The Travails of a Law Firm Associate?

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A former first year law associate filed a fourteen count complaint against his former firm seeking $77 million. Some thoughts.

In the law suit, the associate claims that: “[The firm] had told [him] it eschews artificial hierarchical structure, then refused [him] an assignment because it would be ‘unfair to the other associates.’ It told [him] it valued intelligence and creativity, then reprimanded and ultimately fired him for exhibiting those traits. It claimed that the amount of responsibility an associate shoulders is dependent only on his willingness and ability, then reprimanded and ultimately fired him for demonstrating that willingness and ability to shoulder more responsibility.”

The complaint then goes on to detail an e-mail sent by the associate to various firm members stating:

“I am writing to see if you have any small cases I could manage for you. It has become clear that the only limiting factor on how much value I am to a case is how much responsibility I am given: the more responsibility I am given, the better the outcome. I am in kind of an uncomfortable position at the firm because although I am a ‘first year,’ I have 15 years business and real world experience, as much as many senior associates. When I first got here I did not know what to expect, but after working here for several months now it has become clear that I have as much experience and ability as an associate many years my senior, as much skill writing, and a superior legal mind to most I have met. There is a natural skepticism that someone without a lot of formal legal apprenticeship can do the job of a senior associate, but the truth is much of the learning and experience an associate acquires is parallel to any business experience — negotiating contracts, negotiating settlements, writing, analysis. If you will allow me to manage some cases for you I can guarantee without reservation that you will get a better result than you get now with many of the official resources you have available to you.”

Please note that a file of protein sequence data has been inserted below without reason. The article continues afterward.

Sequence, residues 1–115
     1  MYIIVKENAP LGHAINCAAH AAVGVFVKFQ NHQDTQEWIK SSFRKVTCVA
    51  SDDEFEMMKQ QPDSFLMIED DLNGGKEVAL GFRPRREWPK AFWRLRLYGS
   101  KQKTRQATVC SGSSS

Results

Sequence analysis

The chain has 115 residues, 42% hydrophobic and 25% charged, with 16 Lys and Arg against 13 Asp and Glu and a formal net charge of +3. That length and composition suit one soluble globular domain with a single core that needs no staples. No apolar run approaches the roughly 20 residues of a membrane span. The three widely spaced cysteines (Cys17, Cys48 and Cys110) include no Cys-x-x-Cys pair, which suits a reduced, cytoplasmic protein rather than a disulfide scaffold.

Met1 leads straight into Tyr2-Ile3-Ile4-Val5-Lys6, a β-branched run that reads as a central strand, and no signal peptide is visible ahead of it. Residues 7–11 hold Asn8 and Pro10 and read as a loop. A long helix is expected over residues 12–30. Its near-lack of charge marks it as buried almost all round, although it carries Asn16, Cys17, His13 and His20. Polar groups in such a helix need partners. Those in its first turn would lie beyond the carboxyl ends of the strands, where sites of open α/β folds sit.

Please see full article below for more information.

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DISCLAIMER: Because of the generality of this update, the information provided herein may not be applicable in all situations and should not be acted upon without specific legal advice based on particular situations.

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